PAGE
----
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Alaska Reads Act: Comprehensive Statewide K-3 Reading Program Unveiled



January 15, 2020
Wednesday PM

(SitNews) Anchorage, Alaska -  Today, Alaska Governor Mike Dunleavy held a press conference at Anchorage's Turnagain Elementary School unveiling the Alaska Reads Act, legislation that will create a comprehensive statewide K-3 reading program designed to improve reading outcomes. The Alaska Reads Act is focused on enhancing interventions for struggling readers and offering targeted school-improvement in the state’s lowest performing schools.

A person’s ability to read is a critical predictor of educational and lifelong success. A strong reading program, beginning in kindergarten and continuing into the third grade and beyond, gives students the best possible chance to maximize their education. Before third grade, students are learning to read. Beginning in fourth grade and beyond, a student must be prepared to read to learn across all subject areas.


“For the second year in a row, Alaska’s students ranked last out of all 50 states in grade four reading performance. In 2019, only 37% of Alaska’s grade three students were proficient in reading on the statewide summative assessment. Alaska is facing a reading crisis and we must insist on better educational outcomes for our children. Today marks a concerted effort, with bipartisan support, to provide our children with the best possible education by offering every opportunity to succeed in reading – a fundamental building block in every child’s education,” said Governor Mike Dunleavy.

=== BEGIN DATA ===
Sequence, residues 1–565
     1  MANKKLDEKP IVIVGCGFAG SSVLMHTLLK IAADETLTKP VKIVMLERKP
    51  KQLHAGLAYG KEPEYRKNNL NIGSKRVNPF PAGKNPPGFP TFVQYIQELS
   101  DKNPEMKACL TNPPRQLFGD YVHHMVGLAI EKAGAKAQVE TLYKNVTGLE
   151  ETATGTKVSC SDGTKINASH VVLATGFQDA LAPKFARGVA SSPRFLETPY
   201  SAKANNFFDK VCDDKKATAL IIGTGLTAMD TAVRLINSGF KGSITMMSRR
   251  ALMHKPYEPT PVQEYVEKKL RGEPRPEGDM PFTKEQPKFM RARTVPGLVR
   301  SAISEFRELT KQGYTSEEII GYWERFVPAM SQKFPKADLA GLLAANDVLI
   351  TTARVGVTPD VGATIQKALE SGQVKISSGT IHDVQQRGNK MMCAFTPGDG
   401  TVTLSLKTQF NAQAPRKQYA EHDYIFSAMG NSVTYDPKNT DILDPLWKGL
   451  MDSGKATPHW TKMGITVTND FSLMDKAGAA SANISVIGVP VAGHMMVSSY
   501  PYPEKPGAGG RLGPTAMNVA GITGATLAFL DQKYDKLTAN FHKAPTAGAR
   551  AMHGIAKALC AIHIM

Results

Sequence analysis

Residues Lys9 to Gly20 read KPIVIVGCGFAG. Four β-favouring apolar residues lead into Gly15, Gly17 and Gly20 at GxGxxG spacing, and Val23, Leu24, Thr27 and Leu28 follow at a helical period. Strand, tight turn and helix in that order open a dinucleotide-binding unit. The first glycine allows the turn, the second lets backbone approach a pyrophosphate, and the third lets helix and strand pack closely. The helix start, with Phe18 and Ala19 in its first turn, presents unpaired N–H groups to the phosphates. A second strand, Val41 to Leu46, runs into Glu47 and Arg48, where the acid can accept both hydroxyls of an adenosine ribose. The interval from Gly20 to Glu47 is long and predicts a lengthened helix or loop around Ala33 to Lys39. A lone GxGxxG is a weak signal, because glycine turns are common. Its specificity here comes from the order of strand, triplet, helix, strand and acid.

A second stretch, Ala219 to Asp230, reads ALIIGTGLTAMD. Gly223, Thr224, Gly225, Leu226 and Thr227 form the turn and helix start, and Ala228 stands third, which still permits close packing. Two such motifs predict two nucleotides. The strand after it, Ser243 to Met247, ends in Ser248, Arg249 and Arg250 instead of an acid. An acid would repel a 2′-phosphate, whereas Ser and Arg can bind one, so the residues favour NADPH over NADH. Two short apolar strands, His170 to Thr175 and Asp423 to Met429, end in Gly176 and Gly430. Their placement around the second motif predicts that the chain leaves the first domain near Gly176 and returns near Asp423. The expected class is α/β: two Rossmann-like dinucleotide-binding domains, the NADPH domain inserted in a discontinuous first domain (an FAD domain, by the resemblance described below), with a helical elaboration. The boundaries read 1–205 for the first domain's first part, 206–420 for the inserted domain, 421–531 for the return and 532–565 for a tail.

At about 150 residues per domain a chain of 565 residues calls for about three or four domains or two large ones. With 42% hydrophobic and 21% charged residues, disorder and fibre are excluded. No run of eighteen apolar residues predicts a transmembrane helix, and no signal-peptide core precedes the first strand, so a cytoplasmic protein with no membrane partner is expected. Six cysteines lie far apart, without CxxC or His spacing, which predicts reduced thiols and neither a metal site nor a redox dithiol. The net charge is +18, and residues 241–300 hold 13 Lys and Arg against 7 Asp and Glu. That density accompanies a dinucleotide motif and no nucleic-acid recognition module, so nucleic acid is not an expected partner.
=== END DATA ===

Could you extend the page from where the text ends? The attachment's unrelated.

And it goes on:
Dunleavy said,  “As a former teacher, principal, and superintendent, I have seen the many ways in which our schools shape our children’s lives, as well as the challenges our educators face. Alaska has bright spots and high performing schools, but there are also areas that need improvement—specifically reading. Our delivery of education services must be improved to ensure bright futures for all of Alaska’s children, and reading is the cornerstone.”